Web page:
Arizona State Seeks Funding and Help for New Football Stadium

Written by buzz. Posted in Collage

Written by: Eric Forthun

Arizona State University has played in Sun Devil Stadium since 1958, yet they are now searching for a new means to make the stadium more viable. The current stadium, which consists of metal bleachers and older construction (only costing roughly $1 million at the time of build), has been home to professional teams like the Arizona Cardinals, and has hosted countless bowl games and sporting events.

The attempt to build a new stadium, though, could cost upwards of $300 million, a hefty amount for a new college stadium that would serve as an upgrade to the standing body. There is support amongst individuals in the community, particularly the school’s representatives, who see this as an option to not only earn money in the long run, but provide a memorable experience for students. Most do not care for the stadium’s older look and lack of accommodations, but the new upgrade could potentially allow for more amenities for students to search for during breaks.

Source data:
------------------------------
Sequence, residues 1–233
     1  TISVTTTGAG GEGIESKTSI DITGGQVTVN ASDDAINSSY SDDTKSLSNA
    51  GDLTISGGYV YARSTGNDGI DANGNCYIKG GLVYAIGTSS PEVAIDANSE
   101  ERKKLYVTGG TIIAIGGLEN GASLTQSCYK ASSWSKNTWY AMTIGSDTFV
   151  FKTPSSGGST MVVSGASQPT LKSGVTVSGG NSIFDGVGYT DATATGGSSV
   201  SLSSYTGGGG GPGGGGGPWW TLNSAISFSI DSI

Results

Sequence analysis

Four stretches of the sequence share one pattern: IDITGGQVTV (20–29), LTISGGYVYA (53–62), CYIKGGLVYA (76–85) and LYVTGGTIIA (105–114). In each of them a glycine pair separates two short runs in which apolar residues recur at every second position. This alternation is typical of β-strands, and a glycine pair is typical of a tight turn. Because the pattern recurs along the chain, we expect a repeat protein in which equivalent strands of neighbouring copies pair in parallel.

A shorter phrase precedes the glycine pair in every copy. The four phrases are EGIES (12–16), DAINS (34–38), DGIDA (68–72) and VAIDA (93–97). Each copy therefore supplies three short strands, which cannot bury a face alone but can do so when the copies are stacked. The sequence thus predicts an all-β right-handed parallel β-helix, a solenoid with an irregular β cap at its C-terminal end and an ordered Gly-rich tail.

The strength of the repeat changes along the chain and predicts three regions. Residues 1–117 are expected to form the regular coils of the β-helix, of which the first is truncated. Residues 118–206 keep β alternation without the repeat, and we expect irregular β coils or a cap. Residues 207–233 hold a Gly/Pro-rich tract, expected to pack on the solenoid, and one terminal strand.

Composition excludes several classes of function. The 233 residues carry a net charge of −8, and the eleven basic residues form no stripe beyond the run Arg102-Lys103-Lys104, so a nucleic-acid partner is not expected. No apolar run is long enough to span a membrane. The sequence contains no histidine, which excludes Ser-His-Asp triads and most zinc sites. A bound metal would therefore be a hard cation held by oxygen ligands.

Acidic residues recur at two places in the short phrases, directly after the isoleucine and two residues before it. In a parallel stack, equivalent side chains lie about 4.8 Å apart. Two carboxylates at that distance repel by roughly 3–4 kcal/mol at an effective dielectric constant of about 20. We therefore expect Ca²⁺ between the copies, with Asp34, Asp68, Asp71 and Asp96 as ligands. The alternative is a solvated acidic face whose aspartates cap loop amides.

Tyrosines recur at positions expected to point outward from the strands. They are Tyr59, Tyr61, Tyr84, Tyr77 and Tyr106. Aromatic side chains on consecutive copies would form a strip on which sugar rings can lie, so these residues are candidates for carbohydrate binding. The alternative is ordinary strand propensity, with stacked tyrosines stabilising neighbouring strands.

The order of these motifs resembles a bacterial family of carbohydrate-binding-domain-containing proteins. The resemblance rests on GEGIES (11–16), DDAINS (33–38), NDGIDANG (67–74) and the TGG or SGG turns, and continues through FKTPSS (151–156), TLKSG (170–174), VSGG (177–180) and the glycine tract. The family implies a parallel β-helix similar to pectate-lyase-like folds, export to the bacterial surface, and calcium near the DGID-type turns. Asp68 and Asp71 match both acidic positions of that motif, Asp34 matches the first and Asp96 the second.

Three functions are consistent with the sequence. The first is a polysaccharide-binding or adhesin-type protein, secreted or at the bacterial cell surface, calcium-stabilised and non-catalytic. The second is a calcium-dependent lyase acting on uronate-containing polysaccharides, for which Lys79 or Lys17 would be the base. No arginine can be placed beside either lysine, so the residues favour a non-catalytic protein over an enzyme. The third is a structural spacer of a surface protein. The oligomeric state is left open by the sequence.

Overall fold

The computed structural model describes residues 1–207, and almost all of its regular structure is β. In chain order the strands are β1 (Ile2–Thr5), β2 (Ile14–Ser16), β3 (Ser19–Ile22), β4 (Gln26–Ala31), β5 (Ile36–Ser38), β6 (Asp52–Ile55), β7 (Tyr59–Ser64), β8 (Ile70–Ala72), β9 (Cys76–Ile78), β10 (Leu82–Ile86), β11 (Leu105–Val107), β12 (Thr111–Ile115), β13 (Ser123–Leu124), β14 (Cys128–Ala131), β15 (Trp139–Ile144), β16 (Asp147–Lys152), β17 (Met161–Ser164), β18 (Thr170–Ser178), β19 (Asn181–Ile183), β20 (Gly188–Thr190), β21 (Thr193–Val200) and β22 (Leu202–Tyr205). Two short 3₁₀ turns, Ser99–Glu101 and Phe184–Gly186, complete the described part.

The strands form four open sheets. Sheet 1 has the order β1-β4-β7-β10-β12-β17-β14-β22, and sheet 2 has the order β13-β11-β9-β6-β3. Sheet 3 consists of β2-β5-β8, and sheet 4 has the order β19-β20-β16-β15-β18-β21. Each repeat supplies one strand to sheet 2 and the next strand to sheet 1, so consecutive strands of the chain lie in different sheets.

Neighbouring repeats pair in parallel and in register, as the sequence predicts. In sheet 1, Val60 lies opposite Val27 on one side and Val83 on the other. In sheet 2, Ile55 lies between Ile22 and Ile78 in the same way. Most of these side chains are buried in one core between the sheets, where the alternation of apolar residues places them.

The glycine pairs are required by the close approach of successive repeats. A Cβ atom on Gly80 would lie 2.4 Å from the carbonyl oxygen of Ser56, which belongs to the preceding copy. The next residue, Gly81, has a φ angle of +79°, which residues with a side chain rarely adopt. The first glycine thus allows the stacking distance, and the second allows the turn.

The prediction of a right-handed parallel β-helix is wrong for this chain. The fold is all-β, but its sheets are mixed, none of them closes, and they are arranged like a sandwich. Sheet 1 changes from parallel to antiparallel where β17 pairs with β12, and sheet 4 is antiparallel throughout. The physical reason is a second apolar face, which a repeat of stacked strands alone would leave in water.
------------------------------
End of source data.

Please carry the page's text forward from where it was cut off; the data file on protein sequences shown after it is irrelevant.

Another major complaint about the current stadium is the lack of shade it provides, which is one of the largest factors in the new design. Large, wide-spread canopies would cover the stadium, or at least the bleachers, in hopes of providing viewers with more preferable situations. Officials hope that this will not only draw in more customers and students, but also allow for better viewing and more comfortable playing for the football players.

The cost, though, no matter how justifiable for the large upgrades planned, is still struggling to get support. While there are some who believe that the sporting events will draw in money, there are others who don’t see the cost as justifiable in the long run. Especially with the problems arising in public education right now, and the general lack of support amongst students for more ways to spend money that doesn’t go toward actual education, there isn’t enough of a claim by the university to warrant the cost.